The move is being seen as a milestone in the UK bank’s recovery – having been bailed out by the UK government to the tune of £20bn in 2008, it has done its best to sell off international assets (aside from these in ‘low-risk’ countries such as Germany and the Netherlands).
‘The sale is in line with the group's strategy of focusing on the UK, rationalising its international presence and ensuring best value for shareholders,’ said a spokesperson for Lloyds.
This latest sale includes Lloyds’ corporate loans, motor and equipment financing businesses in Australia – which have combined loan books of around £5.3bn. Westpac, Australia’s second largest bank is pretty pleased with the sale, saying it made ‘strategic sense.’ (No wonder, it looks like it's getting a pretty good deal).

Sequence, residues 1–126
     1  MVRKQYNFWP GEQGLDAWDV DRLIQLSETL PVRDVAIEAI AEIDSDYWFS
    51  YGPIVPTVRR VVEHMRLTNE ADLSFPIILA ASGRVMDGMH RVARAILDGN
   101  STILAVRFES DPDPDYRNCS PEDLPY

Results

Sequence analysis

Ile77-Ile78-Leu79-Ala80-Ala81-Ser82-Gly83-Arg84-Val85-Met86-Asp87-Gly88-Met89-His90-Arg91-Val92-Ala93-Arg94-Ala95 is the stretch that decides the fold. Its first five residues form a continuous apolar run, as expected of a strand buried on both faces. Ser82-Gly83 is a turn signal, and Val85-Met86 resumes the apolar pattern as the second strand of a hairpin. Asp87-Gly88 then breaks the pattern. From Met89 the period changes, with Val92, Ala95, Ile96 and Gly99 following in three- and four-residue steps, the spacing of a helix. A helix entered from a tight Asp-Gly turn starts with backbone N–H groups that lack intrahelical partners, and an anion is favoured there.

‘These are strongly performing businesses that we know well and that will expand our reach and capability in target segments,’ said Westpac chief executive Gail Kelly.
Lloyds has been shedding assets left right and centre to keep its largest shareholder, the UK government happy. Its German life insurance business has sold, its international private banking arm and its Spanish retail banking business. Then there’s the hiving off of TSB, which it aims to float early next year.
The bank has been seen as a frontrunner in the recovery of the UK’s bruised banking sector. The government currently owns 33% of the bank, following the successful sale of 6% for £3.2bn last month.
With the oversubscribed Royal Mail IPO going great guns, it would appear the government’s assets serving the Treasury pretty well so far. Now…what to do about RBS?